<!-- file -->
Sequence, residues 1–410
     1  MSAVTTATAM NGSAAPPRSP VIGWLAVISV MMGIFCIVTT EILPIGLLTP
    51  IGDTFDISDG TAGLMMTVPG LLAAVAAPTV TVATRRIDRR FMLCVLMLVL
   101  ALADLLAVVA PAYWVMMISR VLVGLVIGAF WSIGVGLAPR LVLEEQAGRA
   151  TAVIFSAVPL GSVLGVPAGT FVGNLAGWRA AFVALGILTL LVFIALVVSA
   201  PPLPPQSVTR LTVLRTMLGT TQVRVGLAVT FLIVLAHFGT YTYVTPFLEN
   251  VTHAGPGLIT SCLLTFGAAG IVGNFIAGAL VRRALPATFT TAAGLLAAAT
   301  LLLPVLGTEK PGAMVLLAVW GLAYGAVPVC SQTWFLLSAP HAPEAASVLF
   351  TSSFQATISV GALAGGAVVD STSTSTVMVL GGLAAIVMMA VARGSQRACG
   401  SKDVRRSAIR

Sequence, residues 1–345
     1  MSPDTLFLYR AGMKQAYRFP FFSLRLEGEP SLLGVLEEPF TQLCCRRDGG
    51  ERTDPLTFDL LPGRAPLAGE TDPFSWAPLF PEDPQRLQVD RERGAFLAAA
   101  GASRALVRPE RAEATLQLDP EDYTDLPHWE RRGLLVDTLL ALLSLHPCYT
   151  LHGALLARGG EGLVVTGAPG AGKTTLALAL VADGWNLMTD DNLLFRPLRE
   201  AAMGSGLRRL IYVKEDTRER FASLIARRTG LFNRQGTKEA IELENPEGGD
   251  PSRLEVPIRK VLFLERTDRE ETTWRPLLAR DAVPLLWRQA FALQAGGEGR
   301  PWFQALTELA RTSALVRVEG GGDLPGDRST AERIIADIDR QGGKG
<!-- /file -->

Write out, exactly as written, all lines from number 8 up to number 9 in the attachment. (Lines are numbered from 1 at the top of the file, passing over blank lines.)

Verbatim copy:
   301  LLLPVLGTEK PGAMVLLAVW GLAYGAVPVC SQTWFLLSAP HAPEAASVLF
   351  TSSFQATISV GALAGGAVVD STSTSTVMVL GGLAAIVMMA VARGSQRACG